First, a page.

Contractors wrap up Vashon road resurfacing project
September 8, 2009 · Updated 11:53 AM
Twenty-six miles of road were resurfaced on Vashon in the last few weeks, and while some loose gravel and unstriped roads remain, county workers said the project went without a hitch.
Five miles of new asphalt were poured, and 21 miles of “chip seal” were laid. Chip seal consists of a layer of asphalt covered with a layer of gravel, which is steamrolled onto the asphalt and left to cure and seal. Chip seal is much less expensive than new asphalt, and was placed on the roads that have less traffic than those that were paved with asphalt.
Some of the chip sealed roads still have loose gravel that hasn’t stuck to the asphalt beneath or been swept off the road. Several have traffic signs urging motorcyclists to use caution.
The loose gravel will be periodically swept off until very little remains, and the roads will be striped later this month, said Paul Moore, a project manager for the King County Roads Services Division.
“Every time they sweep there’s less left,” he said.
The striping of the roads should take less than a week, he said, and the traffic impacts should be less noticeable than the traffic during paving. Striping is weather-dependent, he noted, so it could be delayed until the end of the month if there are many days of rain in September.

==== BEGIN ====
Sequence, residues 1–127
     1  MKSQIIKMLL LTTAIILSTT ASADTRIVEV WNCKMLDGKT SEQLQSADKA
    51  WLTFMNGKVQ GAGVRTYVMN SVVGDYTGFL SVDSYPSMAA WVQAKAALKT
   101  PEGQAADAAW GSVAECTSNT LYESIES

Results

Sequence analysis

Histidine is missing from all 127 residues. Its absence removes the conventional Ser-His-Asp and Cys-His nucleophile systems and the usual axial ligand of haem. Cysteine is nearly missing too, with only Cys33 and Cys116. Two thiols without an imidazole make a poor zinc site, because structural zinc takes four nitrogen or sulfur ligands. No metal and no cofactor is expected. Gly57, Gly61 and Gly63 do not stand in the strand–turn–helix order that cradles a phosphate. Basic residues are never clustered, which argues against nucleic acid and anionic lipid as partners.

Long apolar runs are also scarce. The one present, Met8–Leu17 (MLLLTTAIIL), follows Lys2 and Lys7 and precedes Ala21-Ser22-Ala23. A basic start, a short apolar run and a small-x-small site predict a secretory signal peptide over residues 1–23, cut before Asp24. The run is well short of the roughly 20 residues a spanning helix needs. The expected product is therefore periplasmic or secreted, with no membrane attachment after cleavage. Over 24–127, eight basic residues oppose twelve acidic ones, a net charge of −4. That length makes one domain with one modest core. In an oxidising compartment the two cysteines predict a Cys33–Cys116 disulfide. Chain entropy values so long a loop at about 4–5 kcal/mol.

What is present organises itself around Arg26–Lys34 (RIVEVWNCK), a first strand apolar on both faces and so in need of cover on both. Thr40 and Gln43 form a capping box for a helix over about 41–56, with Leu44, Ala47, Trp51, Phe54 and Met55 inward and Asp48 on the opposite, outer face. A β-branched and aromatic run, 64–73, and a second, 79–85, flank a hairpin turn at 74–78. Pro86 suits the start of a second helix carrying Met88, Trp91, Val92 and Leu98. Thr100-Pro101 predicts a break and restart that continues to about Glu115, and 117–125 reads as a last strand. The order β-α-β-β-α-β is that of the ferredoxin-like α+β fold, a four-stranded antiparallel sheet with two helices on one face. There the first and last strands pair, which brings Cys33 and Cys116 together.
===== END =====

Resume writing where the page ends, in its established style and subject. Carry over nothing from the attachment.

The resurfacing was done by two local contractors: Doolittle Construction did the chip seal work for about $990,000, and Watson Asphalt paved the stretches of road that received new asphalt for $950,000, Moore said. The funding for both parts of the project came from the county’s regularly road services budget.
“They anticipate the overlay work, and the year before it happens, they allocate the funds,” said Jim Didricksen, the county’s Vashon-based road services supervisor.
The asphalt roads have an anticipated lifespan of 15 to 20 years; the chip seal should last three to seven years, Moore said.
The contractors’ work was preceded by selective patching work done this spring by county roads crews.
Moore said the project has gone smoothly, and he’s received no complaints about the traffic impacts of the project.
“I was expecting a lot more complaints,” he said. “It’s rare that we get compliments in this line of business, and two came in from neighbors who said, ‘Thanks for doing this.’”